on Aug 3, 2012
Some games are famous for their gameplay. Or their artwork. Or a big plot twist. This game might be the first one where the big selling point is the theme. Spec Ops asks the question: What would happen if your typical action-game badass lived in a world with consequences?
Think about it. Yes, the answer is obvious, but it’s still something to behold.
I would encourage you to go into the game cold, without reading this post. I can’t talk about how well this works without revealing some of the tricks it uses, and those are better if you’re surprised. Some people (Reader Krellen says this a lot) point out that spoiling stories can be good. However, I’m not talking about spoiling the story. I’m talking about the way the game uses the genre itself against you, something which is conveyed mostly in gameplay mechanics.
In this post I’m not doing story spoilers, but thematic and mechanical spoilers. From this point on. As before, white text is me. Text in gold boxes is Taliesin.
Actually, before I talk about the thematic stuff, I want to nitpick the way the story presents the storm. The game takes place in the city of Dubai, where a record-breaking sandstorm has buried the city up to the tops of buildings. The American 33rd infantry was sent in to help with the evacuation of the civilian populace, and they didn’t report back. Now the city is hosed and your three-man team is sent in to find out what happened.
Game designers: You guys understand that a sandstorm isn’t like a snowstorm, right? It doesn’t MAKE sand. This is like a wind storm causing snow drifts that bury buildings. I get that we need a crisis and a natural barrier around the city to make this story work, but I don’t think it needed to be quite this deep.
Minor point, but it kind of bugged me.
The opening credits welcome you to the game using your screen name, which can be really powerful once you know how things turn out.
Spec Ops pulls a trick on you. It gives you objectives that should be obviously stupid, morally questionable, or needlessly dangerous. Then when you complete the goal it reveals what an awful idea it was and shows how you’ve just made things worse. The player might cry, “That’s not fair!” In fact, they probably will. I did.
But assuming you’ve played more than one of these games, then this isn’t the first time you’ve committed a possible war crime. It’s just the first time it had any consequences. This isn’t the first time you’ve followed the on-screen prompts to do something blisteringly stupid. It’s just the first time you’ve done it where the writers aren’t helping you.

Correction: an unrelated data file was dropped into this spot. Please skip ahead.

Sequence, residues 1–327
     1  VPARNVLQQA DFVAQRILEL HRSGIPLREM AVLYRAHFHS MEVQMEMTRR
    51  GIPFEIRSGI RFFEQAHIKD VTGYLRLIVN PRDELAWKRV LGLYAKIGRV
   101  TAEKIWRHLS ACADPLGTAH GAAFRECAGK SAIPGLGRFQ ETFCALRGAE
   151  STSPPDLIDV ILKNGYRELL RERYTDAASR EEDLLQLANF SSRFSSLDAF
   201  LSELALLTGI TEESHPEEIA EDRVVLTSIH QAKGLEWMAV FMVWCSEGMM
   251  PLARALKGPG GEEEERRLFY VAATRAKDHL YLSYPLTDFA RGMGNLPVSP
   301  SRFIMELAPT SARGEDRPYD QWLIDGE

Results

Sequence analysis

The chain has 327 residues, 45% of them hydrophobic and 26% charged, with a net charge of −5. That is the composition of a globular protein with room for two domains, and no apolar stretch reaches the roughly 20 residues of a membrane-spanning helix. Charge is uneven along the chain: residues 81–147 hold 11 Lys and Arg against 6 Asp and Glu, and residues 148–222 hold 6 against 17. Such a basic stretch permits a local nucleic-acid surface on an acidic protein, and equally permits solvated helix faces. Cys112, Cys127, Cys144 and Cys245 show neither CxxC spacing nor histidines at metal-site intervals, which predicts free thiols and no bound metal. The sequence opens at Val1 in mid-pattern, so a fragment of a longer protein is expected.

In this way Spec Ops: The Line is a critique of the entire genre.
This is critical. If the narrative calls for the players avatar to make a bad decision, and the player can, at the time, just say, “but why don’t I just do X instead? That would be a reasonable course of action, and it would avoid all these horrible consequences easily!” then immersion and narrative falls apart. That doesn’t happen here. The game presents you with an awful situation where there just isn’t a perfect solution. Somebody on the writing team really had their eye on the ball with this one.
I actually think the main character makes some pretty obviously dumb moves, but we’ll talk about that in the final post.
Early on, there’s even a bit where you get a context-sensitive prompt to kill someone who is wounded and out of the fight. The prompt even calls this action EXECUTE.
I was like, “Wait. Isn’t that a war crime? You don’t just go around shooting the wounded!”
Which is true. But the game never makes you kill these guys. It just offers the option. In passing, as it were. Oh by the way, this human being can be effortlessly murdered if you’re of a mind. I’m not here to judge, I’m just saying. I’m sure you know what you’re doing. I mean, you’d have to.
You DO know what you’re doing, don’t you?
The first time through, this feels like it’s just a generic attempt at badassery gone wrong. The second time through the game, you begin to see how this is just part of the setup.
The thing that makes the game smart and subversive is that these disastrous actions are lifted straight from the bro-shooter playbook. Unfortunately, you can’t get a sense of where the game is coming from just by playing the demo.
I’m very reluctant to say “the game gets better later”. I remember people telling me that about BioShock, and that didn’t end well. But I will say that I really didn’t think much of Spec Ops in the first hour. It looked like a big dumb shooter. By the end I was sold. This isn’t a case of a game having a weak first act. The first act needed to play out like a big dumb shooter in order for the payoff at the end to work. The game hides its true nature behind the tropes of the genre, so that you’re able to settle in to the role of the Big American Hero.
In the first act I disliked the main character and his tendency to shoot the locals, disobey orders, and make wild assumptions about what was going on. No, I actually wasn’t annoyed with the character, I was annoyed with the game for presenting this dumb course of action as a heroic one. The payoff came later when it turned out I was right, and the game agreed with me.
I can’t promise that the game will work for you, and I’ve never been one for consumer advice. And no matter how much I love this game, we’re talking about a five-hour shooter with a $50 to $60 price tag. That’s a tough sell. However, if you’re put off by the dumb-dumb behavior in the demo, then you might be exactly the sort of person to enjoy Spec Ops: I Hate Subtitles. I can’t promise that it will get better, but I can promise it will feel like a very different game later on. (Excepting the shooting mechanics.)
I’m going to have one more post that will be a little more spoiler-centric.
Shamus Young is an old-school OpenGL programmer, author, and composer. He runs this site and if anything is broken you should probably blame him.